At 136, a preferred set of drilling operating parameters is determined for each lithology. A preferred set of drilling operating parameters may be determined, for example, when a rate of penetration is at a maximum and amounts of lateral, axial, torsional and whirling acceleration of the drill string are at a minimum, for each lithology. Determining preferred drilling operating parameters may be performed, for example, by using an artificial neural network, Bayesian network, regression analysis, error function analysis, or other methods known in the art for optimization.
At 138, during actual drilling of a wellbore, measurements of drilling operating parameters and drilling response parameters are made. At 140, the drilling operating parameter measurements, and drilling response parameter measurements are characterized, such as explained above with respect to
At curve 154 in
Embodiments of a system and methods according to the various aspects of the invention may provide improved time to depth correlation, improved accuracy in bit and wellbore depth determination, improved determination of rates of drilling penetration and parameters related thereto, improved selection of drilling operating parameters from enhanced drilling data and improved detection of drilling malfunctions from enhanced drilling data.
All of the foregoing embodiments of the invention, as well as other embodiments, may be implemented as logic instructions to operate a programmable computer. The logic instructions may be stored in any form of computer readable medium known in the art.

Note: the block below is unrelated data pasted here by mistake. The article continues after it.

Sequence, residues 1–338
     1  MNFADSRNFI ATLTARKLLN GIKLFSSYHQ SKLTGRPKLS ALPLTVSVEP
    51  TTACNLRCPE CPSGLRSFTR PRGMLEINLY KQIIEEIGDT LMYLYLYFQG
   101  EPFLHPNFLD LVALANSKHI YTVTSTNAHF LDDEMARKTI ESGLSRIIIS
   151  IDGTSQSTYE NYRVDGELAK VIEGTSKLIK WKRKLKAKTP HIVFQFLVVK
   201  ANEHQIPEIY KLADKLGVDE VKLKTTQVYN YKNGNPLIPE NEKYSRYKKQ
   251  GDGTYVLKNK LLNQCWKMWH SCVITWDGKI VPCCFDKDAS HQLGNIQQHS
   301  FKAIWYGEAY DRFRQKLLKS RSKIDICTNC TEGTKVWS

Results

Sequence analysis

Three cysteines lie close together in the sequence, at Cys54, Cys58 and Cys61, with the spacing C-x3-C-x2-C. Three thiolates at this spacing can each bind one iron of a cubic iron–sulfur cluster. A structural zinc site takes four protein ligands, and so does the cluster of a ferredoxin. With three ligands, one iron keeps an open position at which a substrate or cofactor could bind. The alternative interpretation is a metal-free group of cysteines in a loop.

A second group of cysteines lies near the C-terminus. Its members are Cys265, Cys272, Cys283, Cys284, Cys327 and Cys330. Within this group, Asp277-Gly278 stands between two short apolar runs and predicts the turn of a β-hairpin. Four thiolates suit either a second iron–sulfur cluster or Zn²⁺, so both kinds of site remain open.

While the invention has been described with respect to a limited number of embodiments, those skilled in the art, having benefit of this disclosure, will appreciate that other embodiments can be devised which do not depart from the scope of the invention as disclosed herein. Accordingly, the scope of the invention should be limited only by the attached claims.
|Cited Patent||Filing date||Publication date||Applicant||Title|
|US5113379 *||Feb 16, 1990||May 12, 1992||Scherbatskoy Serge Alexander||Method and apparatus for communicating between spaced locations in a borehole|
|Citing Patent||Filing date||Publication date||Applicant||Title|
|US7650241 *||Feb 17, 2006||Jan 19, 2010||Baker Hughes Incorporated||Use of the dynamic downhole measurements as lithology indicators|
|US7743006 *||May 31, 2005||Jun 22, 2010||Exxonmobil Upstream Research Co.||Bayesian network triads for geologic and geophysical applications|
|US7857046||May 31, 2006||Dec 28, 2010||Schlumberger Technology Corporation||Methods for obtaining a wellbore schematic and using same for wellbore servicing|
|US7912648 *||Oct 1, 2008||Mar 22, 2011||Baker Hughes Incorporated||Method and apparatus for imaging bed boundaries using azimuthal propagation resistivity measurements|
|US7946356||Jan 31, 2009||May 24, 2011||National Oilwell Varco L.P.||Systems and methods for monitored drilling|
|US8060311 *||Jun 23, 2008||Nov 15, 2011||Schlumberger Technology Corporation||Job monitoring methods and apparatus for logging-while-drilling equipment|